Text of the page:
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Haar Transform

The Haar functions

The family of N Haar functions $h_k(t),\;(k=0,\cdots,N-1)$ are defined on the interval $0 \le t \le 1$. The shape of the specific function $h_k(t)$ of a given index $k$ depends on two parameters $p$t and $q$:

\begin{displaymath}k=2^p+q-1 \end{displaymath}

For any value of $k\ge 0$, $p$ and $q$ are uniquely determined so that $2^p$ is the largest power of 2 contained in $k$ ($2^p<k$) and $q-1$ is the remainder $q-1=k-2^p$. For example, when $N=16$, the index $k$ with the corresponding $p$ and $q$ are shown in the table:

\begin{displaymath}\begin{tabular}{c\vert cccccccccccccccc}\hline
k & 0 & 1 & 2 ...
... 3 & 4 & 1 & 2 & 3 & 4 & 5 & 6 & 7 & 8  \hline
\end{tabular} \end{displaymath}

Now the Haar functions can be defined recursively as:

From the definition, it can be seen that $p$ determines the amplitude and width of the non-zero part of the function, while $q$ determines the position of the non-zero part of the function.

The Haar Transform Matrix

The N Haar functions can be sampled at $t=m/N$, where $m=0,\cdots,N-1$ to form an $N$ by $N$ matrix for discrete Haar transform. For example, when $N=2$, we have

\begin{displaymath}{\bf H}_2=\frac{1}{\sqrt{2}}\left[ \begin{array}{cc} 1 & 1 \\
1 & -1 \end{array} \right] \end{displaymath}

when $N=4$, we have

\begin{displaymath}{\bf H}_4=\frac{1}{2}\left[ \begin{array}{cccc}
1 & 1 & 1 & 1...
...} & 0 & 0 \\
0 & 0 & \sqrt{2} & -\sqrt{2} \end{array} \right] \end{displaymath}

and when $N=8$

\begin{displaymath}{\bf H}_8=\frac{1}{\sqrt{8}}\left[ \begin{array}{cccccccc}
1 ...
\psi_{2,1}(t)  \psi_{2,2}(t)  \psi_{2,3}(t) \end{array}\end{displaymath}


We see that all Haar functions $h_k(t),\;(k>0)$ contains a single prototype shape composed of a square wave and its negative version, and the parameters

Note that the functions $h_k(t)$ of Haar trnasform can represent not only the details in the signal of different scales (corresponding to different frequencies) but also their locations in time.

The Haar transform matrix is real and orthogonal:

\begin{displaymath}{\bf H}={\bf H}^*,\;\;\;\;\;\;{\bf H}^{-1}={\bf H}^T,
\;\;\;\;\mbox{i.e.}\;\;\;\; {\bf H}^T{\bf H}={\bf I} \end{displaymath}

where ${\bf I}$ is identity matrix. For example, when $N=4$,

\begin{displaymath}{\bf H}_4^{-1}{\bf H}_4={\bf H}_4^T {\bf H}_4=
...& 0 & 0  0 & 0 & 1 & 0 \\
0 & 0 & 0 & 1 \end{array} \right] \end{displaymath}

In general, an N by N Haar matrix can be expressed in terms of its row vectors:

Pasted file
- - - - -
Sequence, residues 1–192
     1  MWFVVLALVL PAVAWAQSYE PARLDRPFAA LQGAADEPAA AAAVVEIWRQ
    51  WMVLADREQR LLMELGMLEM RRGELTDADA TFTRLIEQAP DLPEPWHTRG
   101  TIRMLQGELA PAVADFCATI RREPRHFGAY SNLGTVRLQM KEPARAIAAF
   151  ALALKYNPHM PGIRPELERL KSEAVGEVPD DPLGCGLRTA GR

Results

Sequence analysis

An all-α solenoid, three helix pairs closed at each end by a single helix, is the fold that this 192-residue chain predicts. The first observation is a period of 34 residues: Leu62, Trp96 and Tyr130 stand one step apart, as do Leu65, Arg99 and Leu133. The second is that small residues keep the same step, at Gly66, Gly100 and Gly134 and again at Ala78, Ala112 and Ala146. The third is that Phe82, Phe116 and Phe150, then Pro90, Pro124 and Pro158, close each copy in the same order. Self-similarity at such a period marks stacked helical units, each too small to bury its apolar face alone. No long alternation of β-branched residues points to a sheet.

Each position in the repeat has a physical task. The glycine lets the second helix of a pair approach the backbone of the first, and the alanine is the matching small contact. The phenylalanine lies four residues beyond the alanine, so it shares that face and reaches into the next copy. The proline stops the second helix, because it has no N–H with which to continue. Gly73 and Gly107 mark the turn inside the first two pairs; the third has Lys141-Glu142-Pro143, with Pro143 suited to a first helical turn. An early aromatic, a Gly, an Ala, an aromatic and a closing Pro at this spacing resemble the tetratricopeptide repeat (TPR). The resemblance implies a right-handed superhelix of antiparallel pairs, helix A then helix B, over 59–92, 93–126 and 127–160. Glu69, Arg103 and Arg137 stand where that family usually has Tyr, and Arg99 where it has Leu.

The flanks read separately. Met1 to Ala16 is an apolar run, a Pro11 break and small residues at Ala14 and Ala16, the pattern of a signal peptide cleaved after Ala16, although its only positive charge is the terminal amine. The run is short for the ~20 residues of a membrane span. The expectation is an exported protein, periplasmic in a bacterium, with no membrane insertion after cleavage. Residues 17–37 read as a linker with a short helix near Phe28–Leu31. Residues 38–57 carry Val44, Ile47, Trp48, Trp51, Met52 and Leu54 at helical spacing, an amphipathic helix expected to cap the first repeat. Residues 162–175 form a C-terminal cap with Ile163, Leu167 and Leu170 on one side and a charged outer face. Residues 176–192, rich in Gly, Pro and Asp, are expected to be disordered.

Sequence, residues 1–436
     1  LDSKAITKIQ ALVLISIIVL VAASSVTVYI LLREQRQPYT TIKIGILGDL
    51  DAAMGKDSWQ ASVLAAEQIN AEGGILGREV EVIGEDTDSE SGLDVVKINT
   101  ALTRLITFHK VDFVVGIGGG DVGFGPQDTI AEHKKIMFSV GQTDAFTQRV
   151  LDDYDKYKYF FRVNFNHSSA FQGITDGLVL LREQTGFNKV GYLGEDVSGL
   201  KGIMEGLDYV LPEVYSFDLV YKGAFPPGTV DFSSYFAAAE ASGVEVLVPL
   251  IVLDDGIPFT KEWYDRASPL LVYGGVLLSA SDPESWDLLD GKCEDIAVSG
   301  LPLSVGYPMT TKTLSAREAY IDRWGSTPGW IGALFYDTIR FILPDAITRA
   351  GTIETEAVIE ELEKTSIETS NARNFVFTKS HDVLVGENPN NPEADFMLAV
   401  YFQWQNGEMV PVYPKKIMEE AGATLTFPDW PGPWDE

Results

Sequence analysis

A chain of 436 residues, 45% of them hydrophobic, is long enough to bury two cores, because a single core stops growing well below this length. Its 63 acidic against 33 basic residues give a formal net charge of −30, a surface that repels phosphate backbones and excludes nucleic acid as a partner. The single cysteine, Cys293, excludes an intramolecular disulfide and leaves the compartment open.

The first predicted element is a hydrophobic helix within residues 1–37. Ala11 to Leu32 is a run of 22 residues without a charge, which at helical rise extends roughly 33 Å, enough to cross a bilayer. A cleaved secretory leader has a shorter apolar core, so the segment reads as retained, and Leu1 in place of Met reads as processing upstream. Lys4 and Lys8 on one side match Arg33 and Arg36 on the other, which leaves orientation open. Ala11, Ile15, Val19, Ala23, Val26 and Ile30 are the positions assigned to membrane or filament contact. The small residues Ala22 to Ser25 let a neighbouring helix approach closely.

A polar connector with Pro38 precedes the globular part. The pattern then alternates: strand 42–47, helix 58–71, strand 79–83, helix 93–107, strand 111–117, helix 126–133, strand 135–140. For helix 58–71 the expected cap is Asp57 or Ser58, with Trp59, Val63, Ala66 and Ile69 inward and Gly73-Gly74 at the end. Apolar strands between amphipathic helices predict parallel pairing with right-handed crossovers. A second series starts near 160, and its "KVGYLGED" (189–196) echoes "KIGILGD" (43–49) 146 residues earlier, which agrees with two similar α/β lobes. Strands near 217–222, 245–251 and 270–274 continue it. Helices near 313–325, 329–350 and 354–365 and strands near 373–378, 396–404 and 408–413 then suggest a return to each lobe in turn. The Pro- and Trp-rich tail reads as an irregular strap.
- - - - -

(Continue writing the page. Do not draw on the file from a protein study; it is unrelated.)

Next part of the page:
\begin{displaymath}{\bf H}=\left[ \begin{array}{c}
{\bf h}^T_0  {\bf h}^T_1 ...
...;\;\; {\bf H}^{-1}={\bf H}^T=[{\bf h_0},\cdots, {\bf h_{N-1}}]

where ${\bf h}^T_n$ is the nth row vector of the matrix. The Haar tansform of a given signal vector ${\bf x}=[x[0],\cdots,x[N-1]]^T$ is

\begin{displaymath}{\bf X}={\bf H} {\bf x} =[{\bf h_0},\cdots, {\bf h_{N-1}}]{\bf x} \end{displaymath}

with the n-th component of ${\bf X}$ being

\begin{displaymath}X[n]={\bf h}_n^T {\bf x} \;\;\;\;\;\;(n=0,\cdots,N-1) \end{displaymath}

which is the nth transform coefficient, the projection of the signal vector ${\bf x}$ onto the n-th row vector of the transform ${\bf H}$ matrix. The inverse transform is

\begin{displaymath}{\bf x}={\bf H}^{-1} {\bf X}={\bf H}^T {\bf X}=[{\bf h_0},\cd...
...\\ X[N-1]\end{array} \right]
=\sum_{n=0}^{N-1} X[n] {\bf h}_n \end{displaymath}

i.e., the signal is expressed as a linear combination of the row vectors of ${\bf H}$.

Comparing this Haar transform matrix with all transform matrices previously discussed (e.g., Fourier transform, cosine transform, Walsh-Hadamard transform), we see an essential difference. The row vectors of all previous trnasform methods represent different frequency (or sequency) components, including zero frequency or the average or DC component (first row $n=0$), and the progressively higher frequencies (sequencies) in the subsequent rows ( $n=1,\cdots,N-1$). However, the row vectors in Haar transform matrix represent progressively smaller scales (narrower width of the square waves) and their different positions. It is the capability to represent different positions as well as different scales (corresponding different frequencies) that distinguish Haar transform from the previous transforms. This capability is also the main advantage of wavelet transform over other orthogonal transforms.

A Haar Transform Example:

The Haar transform coefficients of a $N=4$-point signal $[x[0], x[1], x[2], x[3]]^T=[1,2,3,4]^T$ can be found as

\frac{1}{2}\left[ \begin{array}{cccc} 1 & 1 & 1 & 1  1 & 1...
...y}{c} 5  -2  -1/\sqrt{2} -1/\sqrt{2} \end{array} \right]

The inverse transform will express the signal as the linear combination of the basis functions:

    $\displaystyle \frac{1}{2}\left[ \begin{array}{rrrr} 1 & 1 & \sqrt{2} & 0 \\
1 ...
...t[ \begin{array}{c} 5   -2   -1/\sqrt{2}  -1/\sqrt{2} \end{array} \right]$  
  $\textstyle =$ $\displaystyle \frac{1}{2}[5 \left[ \begin{array}{r} 1   1  1  1 \end{arra...
...ray} \right]]
= \left[ \begin{array}{r} 1   2   3   4 \end{array} \right]$  

Note that coefficients $X[2]=-1/\sqrt{2}$ and $X[3]=-1/\sqrt{2}$ indicate not only there exist some detailed changes in the signal, but also where in the signal such changes take place (first and second halves). This kind of position information is not available in any other orthogonal transforms.

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Ruye Wang 2013-10-30